BP Settlement Claims

Environmental News of the BP Oil Spill

Scientists Find Missing Oil From the Deepwater Horizon Disaster—Will It End Up on Your Plate?

February 19, 2015, 1:50 pm

Emily Gertz

The “missing” oil from the Deepwater Horizon disaster has been found: It’s on the ocean floor dozens of miles off the Louisiana coast, according to a new study.

That’s pretty well out of the way of fisheries—and the food supply. For now.

But scientists will be working for years to figure out how that contamination affects the Gulf of Mexico's marine life and food webs.

More than 200 million gallons of Louisiana sweet light crude gushed from BP’s damaged wellhead into the Gulf during the 2010 crisis. Less than 20 percent of that was removed from the water, leaving 134 to 176 million gallons (depending on whom you ask) of oil unaccounted for.

Using core samples from the sea bottom, marine chemist Jeff Chanton of Florida State University and his colleagues have determined that about six to 10 million gallons of that oil settled and mixed with ocean bottom sediments about 60 miles southeast of the Mississippi River delta. The findings were published in the journal Environmental Science & Technology.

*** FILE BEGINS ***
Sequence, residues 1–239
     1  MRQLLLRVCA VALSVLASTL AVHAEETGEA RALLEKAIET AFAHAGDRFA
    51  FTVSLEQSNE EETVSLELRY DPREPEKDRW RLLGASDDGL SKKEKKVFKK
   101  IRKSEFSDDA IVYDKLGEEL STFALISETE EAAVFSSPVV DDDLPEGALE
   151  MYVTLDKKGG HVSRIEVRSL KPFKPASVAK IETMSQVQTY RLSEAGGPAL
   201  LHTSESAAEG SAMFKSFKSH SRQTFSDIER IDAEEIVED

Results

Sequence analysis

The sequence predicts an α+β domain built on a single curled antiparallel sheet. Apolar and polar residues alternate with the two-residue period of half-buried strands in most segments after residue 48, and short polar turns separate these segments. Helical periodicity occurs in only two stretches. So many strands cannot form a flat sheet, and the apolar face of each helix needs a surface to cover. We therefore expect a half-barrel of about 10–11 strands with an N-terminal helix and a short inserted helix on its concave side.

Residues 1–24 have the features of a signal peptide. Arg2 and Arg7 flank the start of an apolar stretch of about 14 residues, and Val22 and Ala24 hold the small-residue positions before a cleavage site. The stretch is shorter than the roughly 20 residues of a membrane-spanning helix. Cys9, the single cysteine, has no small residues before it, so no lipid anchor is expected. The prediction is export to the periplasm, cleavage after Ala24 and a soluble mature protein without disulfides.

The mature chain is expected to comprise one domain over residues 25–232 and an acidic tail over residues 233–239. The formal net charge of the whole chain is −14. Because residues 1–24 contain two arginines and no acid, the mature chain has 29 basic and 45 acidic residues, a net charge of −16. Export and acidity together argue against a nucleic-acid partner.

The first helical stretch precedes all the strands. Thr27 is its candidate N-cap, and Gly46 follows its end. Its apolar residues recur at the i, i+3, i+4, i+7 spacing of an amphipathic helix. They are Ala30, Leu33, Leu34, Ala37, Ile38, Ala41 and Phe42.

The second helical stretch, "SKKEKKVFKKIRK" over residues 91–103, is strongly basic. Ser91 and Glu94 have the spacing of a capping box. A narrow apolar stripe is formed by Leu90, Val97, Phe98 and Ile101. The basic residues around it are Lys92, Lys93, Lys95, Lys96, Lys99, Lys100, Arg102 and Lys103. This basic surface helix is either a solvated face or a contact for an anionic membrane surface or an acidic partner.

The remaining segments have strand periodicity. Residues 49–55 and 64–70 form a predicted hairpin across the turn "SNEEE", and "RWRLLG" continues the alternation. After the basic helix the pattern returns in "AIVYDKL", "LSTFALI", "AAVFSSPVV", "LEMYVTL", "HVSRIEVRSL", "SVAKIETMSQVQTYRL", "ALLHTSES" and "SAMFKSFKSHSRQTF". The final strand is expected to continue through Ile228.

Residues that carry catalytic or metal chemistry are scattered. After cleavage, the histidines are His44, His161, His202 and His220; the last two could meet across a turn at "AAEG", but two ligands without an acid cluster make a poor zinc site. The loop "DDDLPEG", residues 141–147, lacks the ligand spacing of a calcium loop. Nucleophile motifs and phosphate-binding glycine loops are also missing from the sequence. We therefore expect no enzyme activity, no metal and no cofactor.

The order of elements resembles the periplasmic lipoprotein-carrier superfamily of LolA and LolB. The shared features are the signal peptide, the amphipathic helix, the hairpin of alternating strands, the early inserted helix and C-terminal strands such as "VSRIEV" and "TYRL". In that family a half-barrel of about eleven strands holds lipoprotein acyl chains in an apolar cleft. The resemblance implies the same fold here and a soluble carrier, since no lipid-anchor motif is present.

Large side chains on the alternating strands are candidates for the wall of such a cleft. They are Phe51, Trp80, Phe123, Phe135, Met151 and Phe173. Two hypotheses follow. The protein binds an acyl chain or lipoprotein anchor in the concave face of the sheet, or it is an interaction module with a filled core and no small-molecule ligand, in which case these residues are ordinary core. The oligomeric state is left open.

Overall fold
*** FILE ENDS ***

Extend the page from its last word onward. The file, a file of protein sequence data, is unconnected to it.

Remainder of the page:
Even though this means the oil likely won’t be washing up in coastal marshes or coating seabirds, it’s not a good outcome.

“Scientists tend to view anything that takes oil out of the water column as good,” Chanton said. “But in the water column there’s more oxygen, and on the seafloor, the potential for less.”

That’s important because contact with oxygen can speed up oil’s breakdown in the environment. However, oil buried in oxygen-poor seafloor sediments could endure for years.

Worms and fish that live in the sediments are continually exposed and re-exposed to the toxic compound and carry it into the food web when they’re eaten by other marine animals.

“Tilefish, which dig substantial burrows into the sediment, are particularly heavily polluted,” said Steve Murawski, a fisheries biologist at the University of South Florida who has studied fish diseases in the wake of Deepwater Horizon. “And they can be prey for other fish.”

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